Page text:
Jordan, Knauff & Company is an investment bank based in Chicago, Illinois, that provides merger and acquisition advisory services to the pump, valve and filtration industries. Please visit jordanknauff.com for further information. Jordan, Knauff & Company is a member of FINRA.
The Jordan, Knauff & Company (JKC) Valve Stock Index was up 13.2 percent over the last twelve months, while the broader S&P 500 Index was up 14.5 percent. The JKC Pump Stock Index increased 23.9 percent for the same time period.1
The Institute for Supply Management’s Purchasing Managers’ Index (PMI) decreased to 54.8 percent in April from 57.2 percent in March. Although this was the third consecutive monthly decline, the index has shown eight consecutive months of expansion. Large dips were seen in the New Orders Index, which declined 7.0 percentage points to 57.5 percent, and the Employment Index, which fell 6.9 percentage points to 52.0 percent. Survey respondents cited better economic conditions and a more favorable outlook.
The Bureau of Labor Statistics reported an increase of 211,000 new jobs in April led by the leisure and hospitality industry, which added 55,000 jobs. Education and health services added 41,000, while business and professional services increased by 39,000. Manufacturers added 6,000 workers in April.
The U.S. has added an average of 185,000 jobs per month for the first four months of this year. The unemployment rate dropped to a post-recession low of 4.4 percent.
Real gross domestic product (GDP) increased at an annual rate of 0.7 percent in the first quarter of 2017 according to the “advance” estimate released by the Bureau of Economic Analysis. The deceleration from the previous quarter reflected a slowdown in personal consumption, downturns in private inventory investment and lower state and local government spending that were partly offset by an upturn in exports and growth in both nonresidential and residential fixed investment.
Due in part to higher expected U.S. and Brazilian crude oil production growth, the U.S. Energy Information Administration (EIA) expects world crude oil and liquid fuels supply to grow by 1.1 million barrels per day in 2017 and by 1.9 million barrels per day in 2018. U.S. crude oil production was an estimated 9.1 million barrels per day in March, the highest level in a year. U.S. production is forecast to grow by an average of 0.3 million barrels per day in 2017 and by 0.7 million barrels per day 2018.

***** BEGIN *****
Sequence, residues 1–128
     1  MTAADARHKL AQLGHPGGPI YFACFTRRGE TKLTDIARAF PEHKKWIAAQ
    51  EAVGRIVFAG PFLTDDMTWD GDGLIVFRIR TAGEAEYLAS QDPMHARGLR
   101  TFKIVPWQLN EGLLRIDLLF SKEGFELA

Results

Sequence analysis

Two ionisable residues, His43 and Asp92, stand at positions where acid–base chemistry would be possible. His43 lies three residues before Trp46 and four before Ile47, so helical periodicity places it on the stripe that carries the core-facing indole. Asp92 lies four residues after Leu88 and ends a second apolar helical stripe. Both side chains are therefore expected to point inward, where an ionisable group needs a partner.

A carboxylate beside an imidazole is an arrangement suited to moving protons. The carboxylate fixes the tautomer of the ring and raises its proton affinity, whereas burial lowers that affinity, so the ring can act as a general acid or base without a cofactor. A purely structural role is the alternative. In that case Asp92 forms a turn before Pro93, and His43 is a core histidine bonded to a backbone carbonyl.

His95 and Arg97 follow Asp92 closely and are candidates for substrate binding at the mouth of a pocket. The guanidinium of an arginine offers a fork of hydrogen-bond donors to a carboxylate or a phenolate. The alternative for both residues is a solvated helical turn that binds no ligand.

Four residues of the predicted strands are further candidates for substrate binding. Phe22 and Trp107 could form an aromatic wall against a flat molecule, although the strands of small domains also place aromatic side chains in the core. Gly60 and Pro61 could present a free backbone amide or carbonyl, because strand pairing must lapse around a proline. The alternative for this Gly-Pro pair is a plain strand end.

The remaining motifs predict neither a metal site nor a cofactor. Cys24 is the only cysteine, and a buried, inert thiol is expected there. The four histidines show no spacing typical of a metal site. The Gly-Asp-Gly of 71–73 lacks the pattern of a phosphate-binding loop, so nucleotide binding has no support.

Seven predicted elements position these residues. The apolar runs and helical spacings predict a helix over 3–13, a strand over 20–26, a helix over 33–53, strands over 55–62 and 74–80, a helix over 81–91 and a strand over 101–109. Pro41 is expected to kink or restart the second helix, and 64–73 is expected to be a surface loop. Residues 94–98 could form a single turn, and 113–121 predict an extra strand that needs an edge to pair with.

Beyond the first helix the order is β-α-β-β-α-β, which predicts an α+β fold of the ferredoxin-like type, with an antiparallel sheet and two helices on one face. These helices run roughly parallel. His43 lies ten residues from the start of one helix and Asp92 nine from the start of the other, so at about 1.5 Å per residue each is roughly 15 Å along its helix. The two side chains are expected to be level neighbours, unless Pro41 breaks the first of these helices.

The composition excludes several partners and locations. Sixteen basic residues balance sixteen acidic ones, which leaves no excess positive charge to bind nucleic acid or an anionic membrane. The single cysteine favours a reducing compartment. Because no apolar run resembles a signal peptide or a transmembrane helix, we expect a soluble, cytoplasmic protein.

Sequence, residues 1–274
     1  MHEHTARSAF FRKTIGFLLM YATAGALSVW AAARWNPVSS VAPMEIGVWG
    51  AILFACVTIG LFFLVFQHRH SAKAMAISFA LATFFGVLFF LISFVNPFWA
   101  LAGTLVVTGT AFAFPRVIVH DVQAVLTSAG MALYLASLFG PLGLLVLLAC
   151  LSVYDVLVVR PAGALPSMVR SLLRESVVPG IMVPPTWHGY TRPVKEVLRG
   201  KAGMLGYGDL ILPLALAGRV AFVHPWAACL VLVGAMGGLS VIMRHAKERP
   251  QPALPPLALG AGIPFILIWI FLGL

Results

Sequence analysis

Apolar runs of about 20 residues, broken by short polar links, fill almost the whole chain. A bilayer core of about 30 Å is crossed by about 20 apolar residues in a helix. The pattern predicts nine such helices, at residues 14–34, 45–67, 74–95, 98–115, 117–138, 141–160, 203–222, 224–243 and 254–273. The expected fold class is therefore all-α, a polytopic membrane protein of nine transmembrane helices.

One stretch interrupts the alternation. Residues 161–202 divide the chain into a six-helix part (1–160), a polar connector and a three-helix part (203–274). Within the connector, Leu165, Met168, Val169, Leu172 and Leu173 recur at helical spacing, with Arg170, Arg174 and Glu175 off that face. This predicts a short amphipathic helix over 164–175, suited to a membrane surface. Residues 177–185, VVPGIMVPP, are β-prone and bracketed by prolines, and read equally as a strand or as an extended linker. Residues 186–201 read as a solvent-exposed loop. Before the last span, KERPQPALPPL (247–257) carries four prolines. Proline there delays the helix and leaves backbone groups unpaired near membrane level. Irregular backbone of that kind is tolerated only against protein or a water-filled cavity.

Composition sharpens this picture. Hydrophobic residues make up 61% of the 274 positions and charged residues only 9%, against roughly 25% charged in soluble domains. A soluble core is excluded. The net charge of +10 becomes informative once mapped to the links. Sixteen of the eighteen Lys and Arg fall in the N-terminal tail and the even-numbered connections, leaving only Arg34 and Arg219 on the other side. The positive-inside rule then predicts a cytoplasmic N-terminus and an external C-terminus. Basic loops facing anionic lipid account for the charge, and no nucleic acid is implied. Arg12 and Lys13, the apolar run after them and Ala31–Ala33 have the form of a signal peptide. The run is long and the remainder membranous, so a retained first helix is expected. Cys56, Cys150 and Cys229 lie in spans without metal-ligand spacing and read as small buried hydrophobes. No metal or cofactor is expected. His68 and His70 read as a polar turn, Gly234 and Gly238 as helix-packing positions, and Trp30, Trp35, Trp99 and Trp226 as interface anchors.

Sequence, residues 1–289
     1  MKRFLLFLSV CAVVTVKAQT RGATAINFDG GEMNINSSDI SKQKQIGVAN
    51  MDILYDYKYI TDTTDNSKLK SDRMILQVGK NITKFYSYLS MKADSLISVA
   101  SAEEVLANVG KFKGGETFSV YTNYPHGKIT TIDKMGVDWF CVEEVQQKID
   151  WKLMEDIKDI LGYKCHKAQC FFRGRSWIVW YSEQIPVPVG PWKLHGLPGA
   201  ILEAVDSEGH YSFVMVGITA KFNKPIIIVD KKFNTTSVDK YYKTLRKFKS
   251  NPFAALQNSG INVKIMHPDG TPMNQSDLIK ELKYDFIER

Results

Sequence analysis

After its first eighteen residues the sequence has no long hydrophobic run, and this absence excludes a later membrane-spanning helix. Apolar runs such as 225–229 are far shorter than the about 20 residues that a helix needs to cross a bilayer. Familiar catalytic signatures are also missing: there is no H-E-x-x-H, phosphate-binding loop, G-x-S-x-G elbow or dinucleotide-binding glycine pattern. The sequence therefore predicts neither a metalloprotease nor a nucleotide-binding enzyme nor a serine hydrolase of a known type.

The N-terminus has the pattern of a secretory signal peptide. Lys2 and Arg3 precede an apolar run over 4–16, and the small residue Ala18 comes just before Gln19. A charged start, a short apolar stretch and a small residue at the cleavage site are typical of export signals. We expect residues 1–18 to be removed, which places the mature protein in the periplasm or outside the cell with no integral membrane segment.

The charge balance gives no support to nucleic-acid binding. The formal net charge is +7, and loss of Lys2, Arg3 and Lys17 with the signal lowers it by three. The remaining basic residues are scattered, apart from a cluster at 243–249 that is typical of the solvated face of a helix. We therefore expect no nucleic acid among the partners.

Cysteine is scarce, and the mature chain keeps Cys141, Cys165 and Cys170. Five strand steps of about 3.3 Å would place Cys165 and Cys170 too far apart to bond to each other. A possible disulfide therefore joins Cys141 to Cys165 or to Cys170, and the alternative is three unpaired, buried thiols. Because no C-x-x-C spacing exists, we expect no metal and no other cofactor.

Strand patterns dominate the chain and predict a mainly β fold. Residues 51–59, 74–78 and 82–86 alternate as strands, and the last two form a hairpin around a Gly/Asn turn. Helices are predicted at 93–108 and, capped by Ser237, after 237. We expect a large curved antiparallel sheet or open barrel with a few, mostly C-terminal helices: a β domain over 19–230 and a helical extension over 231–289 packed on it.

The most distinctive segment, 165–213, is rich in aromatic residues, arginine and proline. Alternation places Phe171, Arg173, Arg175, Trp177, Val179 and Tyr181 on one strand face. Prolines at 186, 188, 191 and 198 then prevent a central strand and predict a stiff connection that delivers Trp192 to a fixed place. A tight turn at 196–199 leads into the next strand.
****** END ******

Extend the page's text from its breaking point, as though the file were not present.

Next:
Crude oil prices declined in early March as U.S. crude oil inventories built to a multi-decade high. Prices declined despite voluntary production cuts by the Organization of the Petroleum Exporting Countries (OPEC) and some non-OPEC producers in the first quarter of 2017.
The EIA believes that OPEC crude oil production volumes will increase and approach pre-agreement levels during the second half of 2017.
On Wall Street the Dow Jones Industrial Average grew 1.3 percent, the S&P 500 Index rose 0.9 percent and the NASDAQ Composite was up 2.3 percent for the month of April. Investors were concerned about weak auto sales and a dip in manufacturing growth. However, strong quarterly earnings reports, especially from Amazon and Alphabet, moved the benchmarks ahead for the month.
1. The S&P Return figures are provided by Capital IQ.
These materials were prepared for informational purposes from sources that are believed to be reliable but which could change without notice. Jordan, Knauff & Company and Pumps & Systems shall not in any way be liable for claims relating to these materials and makes no warranties, express or implied, or representations as to their accuracy or completeness or for errors or omissions contained herein. This information is not intended to be construed as tax, legal or investment advice. These materials do not constitute an offer to buy or sell any financial security or participate in any investment offering or deployment of capital.